Presentation on theme: "Vitamins. Definition - Organic compound required in small amounts. Vitamin A Vitamin B1, B2, B3, B5, B6, B7, B9, B12 Vitamin D Vitamin E Vitamin K A few."— Presentation transcript:
Vitamins. Definition - Organic compound required in small amounts. Vitamin A Vitamin B1, B2, B3, B5, B6, B7, B9, B12 Vitamin D Vitamin E Vitamin K A few words about each.
Sources in diet - Many plants (photoreceptors), also meat, especially liver. Fat soluble, so you can get too much, or too little if absorption is a problem. Vitamin A - Retinol Retinol (vitamin A) Some uses: Vision (11-cis-retinol bound to rhodopsin detects light in our eyes). Regulating gene transcription (retinoic acid receptors on cell nuclei are part of a system for regulating transcription of mRNAs for a number of genes).
Vitamin B1 - Thiamine Thiamine Some uses: Cofactor for several enzymes (a precursor for thiamine pyrophosphate, one of the cofactors used by the pyruvate decarboxylase complex (PDC). Also, a cofactor for branched chain a-keto dehydrogenase. Found in a wide variety of foods, including meat, grains. Deficiency causes beriberi (muscle atrophy, neurological problems).
Vitamin B2 - riboflavin FMN - Flavin mononucleotide FAD - flavin adenine dinucleotide. Riboflavin is a precursor for FAD and FMN. FAD is a cofactor for pyruvate dehydrogenase complex (PDC), and succinate dehydrogenase in TCA cycle. FMN is an electron carrier in the electron transport chain.
Vitamin B3 - nicotinic acid (a precursor for NAD). Also known as niacin. NAD + is needed for glycolysis, NADH gets oxidized in electron transport chain, etc. nicotinic acid
Vitamin B5 - pantothenic acid (needed for making CoA) We get pantothenic acid in our diet as CoA, which must be broken down to pantothenic acid to be absorbed in intestine. We then use the pantothenic acid in making our own CoA. Coenzyme A pantothenic acid
Vitamin B6 - pyridoxine Precursor for pyridoxal phosphate (PLP). PLP is a covalently linked cofactor to transaminases, and some decarboxylases, and glycogen phosphorylase; these are called “PLP- dependent enzymes”. PLP
Vitamin B7 - Biotin. Used in fatty acid synthesis, also other functions. Biotin deficiency is rare. We saw biotin in chapter 14:
Vitamin B9 - Folic acid. Required for synthesis of glycine, methionine, nucleotides T & U (chapter 15). Important for rapidly dividing cells (very important in early pregnancy). N 5,N 10 methylene-tetrahydrofolate is a donor of methylene groups. Deficiency in pregnancy causes neural tube defects. Folic acid is now added to many grain products in the US. folic acid
We saw cobalamine in fatty acid oxidation. Cobalamin is needed in making adenosylcobalamin, a cofactor for “methyl malonyl mutase”, which breaks down odd-chain fatty acids. B12 is also used in regenerating folate Sources are meat, milk and eggs. Vegetarians who eat dairy products are OK, but non-dairy vegans may not get enough. Vitamin B12 - cobalamin. (also hydroxycobalamin, adenosylcobalamin). adenosyl- cobalamin
In almost all organisms, ascorbic acid is synthesized from glucose in 4 steps. A relatively recent (40 million years ago) mutation in the ancestor of humans made us unable to make ascorbic acid. So for us, and some closely related primates, it’s a vitamin. Guinea pigs can’t make ascorbic acid, either. Sources of vitamin C are fruit and fresh meat. Vitamin C deficiency causes scurvy, and in human history vitamin C deficiency may have been an impediment to spreading northward. Vitamin C - asorbic acid Required for collagen synthesis, and as a cofactor for several enzymes. Also scavenges oxygen radicals.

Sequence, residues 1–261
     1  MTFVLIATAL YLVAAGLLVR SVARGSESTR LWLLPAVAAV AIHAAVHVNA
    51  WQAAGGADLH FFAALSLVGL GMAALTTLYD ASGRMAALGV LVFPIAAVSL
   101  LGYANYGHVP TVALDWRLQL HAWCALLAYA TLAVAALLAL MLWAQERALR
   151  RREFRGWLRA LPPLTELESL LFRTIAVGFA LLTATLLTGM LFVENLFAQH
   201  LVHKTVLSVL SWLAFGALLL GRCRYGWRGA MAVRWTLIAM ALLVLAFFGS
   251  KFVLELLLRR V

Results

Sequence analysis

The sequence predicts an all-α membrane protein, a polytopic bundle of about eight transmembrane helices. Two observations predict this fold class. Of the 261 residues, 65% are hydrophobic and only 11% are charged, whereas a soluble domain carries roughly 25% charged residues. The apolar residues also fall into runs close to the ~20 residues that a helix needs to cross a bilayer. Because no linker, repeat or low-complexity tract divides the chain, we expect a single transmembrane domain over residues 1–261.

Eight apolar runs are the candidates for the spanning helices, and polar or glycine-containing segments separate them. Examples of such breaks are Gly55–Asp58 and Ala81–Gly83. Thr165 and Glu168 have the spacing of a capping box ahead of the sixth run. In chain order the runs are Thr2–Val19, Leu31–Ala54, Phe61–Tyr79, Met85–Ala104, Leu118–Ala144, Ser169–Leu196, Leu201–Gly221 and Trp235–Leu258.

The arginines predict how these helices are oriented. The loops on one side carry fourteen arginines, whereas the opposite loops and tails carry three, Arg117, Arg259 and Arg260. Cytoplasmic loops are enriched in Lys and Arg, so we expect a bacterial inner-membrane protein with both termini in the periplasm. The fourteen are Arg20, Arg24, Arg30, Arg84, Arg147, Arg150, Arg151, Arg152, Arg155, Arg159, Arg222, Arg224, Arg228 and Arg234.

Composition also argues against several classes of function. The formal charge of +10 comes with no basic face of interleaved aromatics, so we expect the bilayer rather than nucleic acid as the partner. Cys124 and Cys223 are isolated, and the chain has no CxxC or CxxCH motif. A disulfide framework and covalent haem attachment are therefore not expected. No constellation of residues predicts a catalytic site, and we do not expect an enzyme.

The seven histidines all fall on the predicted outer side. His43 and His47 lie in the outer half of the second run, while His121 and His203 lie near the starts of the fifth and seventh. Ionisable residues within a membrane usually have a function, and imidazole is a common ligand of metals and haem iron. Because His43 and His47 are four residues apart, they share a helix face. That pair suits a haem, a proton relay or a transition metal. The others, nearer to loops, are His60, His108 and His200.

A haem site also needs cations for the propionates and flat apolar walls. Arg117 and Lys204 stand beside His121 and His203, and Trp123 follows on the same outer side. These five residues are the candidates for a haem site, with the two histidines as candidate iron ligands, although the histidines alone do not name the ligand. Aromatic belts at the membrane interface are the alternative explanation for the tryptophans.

Vitamin D refers to a group of similar lipid-soluble molecules (major forms are D2 and D3, also D1, D4, D5). Vitamin D3 (cholecalciferol) Vitamin D2 (ergocalciferol)
Vitamin D3 can be obtained in diet, or derived from cholesterol in a reaction that requires UV light. UV light spontaneous liver enzyme 25-hydroxylase Vitamin D3 calcitriol
Vitamin D binds to a “vitamin D binding protein” (VDP) for transport to target organs. Vitamin D is not active itself (it’s a prohormone); it is modified to yield biologically active forms, such as calcitriol. Calcitriol (derived from vitamin D) is a transcription factor, influencing expression of proteins involved in calcium absorption and transport. Vitamin D is also important for immune system function. Deficiency causes rickets, bone loss. Calcitriol, from vitamin D.
Vitamin D production requires UV light (sunlight). Sometime after humans migrated north out of Africa about 50,000 years ago, mutations appeared that reduced melanin (pigment) production in the skin, permitting vitamin D production with less sunlight. Disadvantages of less melanin production are skin that is easily damaged by the sun, skin cancer risk, and loss of folic acid due to UV damage. The melanin-reducing mutations helped early humans make vitamin D in northern europe in winter.
Thousands of years ago. Human migration. Map from wikipedia. These groups have mutations resulting in the most dramatic melanin deficiency.
In Texas, there is too much sun and plenty of vitamin D, so I want my melanin back !
It is essential, but roles are unclear. Suggestions include neural membrane component, antioxidant. Obtained in diet, deficiency is rare. Vitamin E - Collectively refers to 8 related tocopherols.
Vitamin K is required for proper blood clotting. It is used in synthesizing gamma carboxy glutamate, a post-translationally modified amino acid in prothrombin. Sources are vegetables and fruits, deficiency is rare. Vitamin K - Refers to phylloquinonone (vitamin K-1), and several structurally similar molecules. phylloquinone